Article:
It is distressing that the madressahs have been allowed to get away with their blatant defiance of the government which has climbed down when matters have reached a head leading to a confrontation.

Only recently a madressah that had been built illegally on encroached land in the federal capital and had been demolished was allowed to be rebuilt after the girl students of the Jamia Hafsa occupied a children’s library throwing down the gauntlet before the government. Seventy-six mosques in Islamabad have been declared illegal but the CDA cannot touch them now because a ‘dialogue’ is supposedly in process with the militants.

The government’s madressah reforms project has yet to take off because of the madressahs’ refusal to register with the authorities. Now many are said to have registered but only after the registration process was relaxed and the madressahs were not required to submit information they were reluctant to give such as the source of their funding, details of the courses taught and so on. The bulk of the funds earmarked by the government to bring madressahs into the mainstream has lapsed because they were rejected by these institutions as they did not want any controls.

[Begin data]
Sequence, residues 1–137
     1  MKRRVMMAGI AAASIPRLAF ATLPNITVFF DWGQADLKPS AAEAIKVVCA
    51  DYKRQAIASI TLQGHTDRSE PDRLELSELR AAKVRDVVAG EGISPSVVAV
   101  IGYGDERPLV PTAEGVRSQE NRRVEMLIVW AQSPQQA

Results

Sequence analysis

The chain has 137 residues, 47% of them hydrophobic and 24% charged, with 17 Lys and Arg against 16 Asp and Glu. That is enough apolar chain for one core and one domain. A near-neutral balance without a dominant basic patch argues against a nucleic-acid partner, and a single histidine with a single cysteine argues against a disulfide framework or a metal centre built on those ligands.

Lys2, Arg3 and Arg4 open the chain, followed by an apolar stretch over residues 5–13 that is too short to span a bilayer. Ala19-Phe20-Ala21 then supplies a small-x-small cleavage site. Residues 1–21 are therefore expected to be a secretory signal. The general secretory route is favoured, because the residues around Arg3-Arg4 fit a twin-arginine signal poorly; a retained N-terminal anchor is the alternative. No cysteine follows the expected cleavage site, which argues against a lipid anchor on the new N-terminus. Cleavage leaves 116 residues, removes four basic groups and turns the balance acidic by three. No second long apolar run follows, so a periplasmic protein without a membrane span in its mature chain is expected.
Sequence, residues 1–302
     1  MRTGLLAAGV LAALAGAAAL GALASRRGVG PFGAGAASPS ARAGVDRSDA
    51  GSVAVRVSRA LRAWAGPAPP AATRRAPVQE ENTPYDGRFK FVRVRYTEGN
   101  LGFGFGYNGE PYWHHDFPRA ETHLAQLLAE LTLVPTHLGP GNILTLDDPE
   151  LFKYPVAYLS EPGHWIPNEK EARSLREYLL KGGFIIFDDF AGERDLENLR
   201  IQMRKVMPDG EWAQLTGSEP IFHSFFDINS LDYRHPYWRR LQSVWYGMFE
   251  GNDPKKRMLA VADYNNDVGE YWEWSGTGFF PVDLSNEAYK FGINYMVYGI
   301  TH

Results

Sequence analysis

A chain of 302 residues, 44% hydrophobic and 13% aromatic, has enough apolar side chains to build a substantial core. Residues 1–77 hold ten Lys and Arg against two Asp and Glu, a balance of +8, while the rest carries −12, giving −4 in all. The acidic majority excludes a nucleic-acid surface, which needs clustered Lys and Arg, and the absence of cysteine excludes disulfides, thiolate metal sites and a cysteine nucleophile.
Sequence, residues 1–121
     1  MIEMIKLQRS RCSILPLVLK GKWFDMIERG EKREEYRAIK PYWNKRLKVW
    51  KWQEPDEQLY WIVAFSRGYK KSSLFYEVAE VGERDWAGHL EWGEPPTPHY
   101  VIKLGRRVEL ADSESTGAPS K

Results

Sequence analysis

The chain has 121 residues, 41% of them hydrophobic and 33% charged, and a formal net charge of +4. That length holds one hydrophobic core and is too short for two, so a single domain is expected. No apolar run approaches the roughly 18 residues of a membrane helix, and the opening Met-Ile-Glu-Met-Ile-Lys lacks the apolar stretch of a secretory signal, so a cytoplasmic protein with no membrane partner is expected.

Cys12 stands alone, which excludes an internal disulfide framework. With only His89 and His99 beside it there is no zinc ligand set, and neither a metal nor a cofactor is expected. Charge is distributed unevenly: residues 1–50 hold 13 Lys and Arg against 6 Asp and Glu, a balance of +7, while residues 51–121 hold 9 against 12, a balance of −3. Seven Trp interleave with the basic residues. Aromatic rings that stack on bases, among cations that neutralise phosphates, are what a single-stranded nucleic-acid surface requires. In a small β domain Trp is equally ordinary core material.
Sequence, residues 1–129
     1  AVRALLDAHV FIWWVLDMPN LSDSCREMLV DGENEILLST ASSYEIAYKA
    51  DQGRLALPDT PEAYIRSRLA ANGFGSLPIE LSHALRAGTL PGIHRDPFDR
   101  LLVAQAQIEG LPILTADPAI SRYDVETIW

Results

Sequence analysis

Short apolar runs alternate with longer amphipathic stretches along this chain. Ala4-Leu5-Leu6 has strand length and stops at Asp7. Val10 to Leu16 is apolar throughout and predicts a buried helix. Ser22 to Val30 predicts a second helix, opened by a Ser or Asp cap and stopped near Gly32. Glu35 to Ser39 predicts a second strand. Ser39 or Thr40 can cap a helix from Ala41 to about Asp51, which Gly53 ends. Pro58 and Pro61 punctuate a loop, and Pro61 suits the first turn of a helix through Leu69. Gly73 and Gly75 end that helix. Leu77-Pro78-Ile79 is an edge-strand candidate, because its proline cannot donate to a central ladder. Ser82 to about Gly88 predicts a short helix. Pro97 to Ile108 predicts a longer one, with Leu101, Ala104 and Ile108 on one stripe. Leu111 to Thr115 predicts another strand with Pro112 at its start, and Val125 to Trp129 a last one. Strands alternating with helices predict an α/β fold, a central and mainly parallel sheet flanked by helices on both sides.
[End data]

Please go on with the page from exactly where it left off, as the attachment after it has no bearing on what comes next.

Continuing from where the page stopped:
Many of the madressahs have emerged as a major threat to the social and political integrity of Pakistan. Previously, they were irritants because of the parallel foreign policy they were running. Now they have grim social and sectarian implications.

A recent report by the International Crisis Group points out that most madressahs are linked to politico-religious parties whose agendas their students are mobilised to promote. Being involved in what the ICG report terms the “business of the fatwas”, the madressahs compete “to win over members of rival sects” leading to intense inter-madressah competition that “fuels socio-political conflicts even within families and neighbourhoods”.

They also disseminate hate material – written as well as oral, through the Friday sermons – with a no-holds barred approach.

The government must now seriously consider getting off the fence and taking on squarely the groups spreading sectarianism, violence and disaffection. By allowing them to grow because of his failure to act, President Musharraf has created a problem for himself as well as the country. He must be clear about this that terrorist groups fostered by those in power ultimately devour their patrons. Remember the end of the story of the Sikh rebel leader Sant Jarnail Singh Bhindranwale and the late Indian prime minister Indira Gandhi.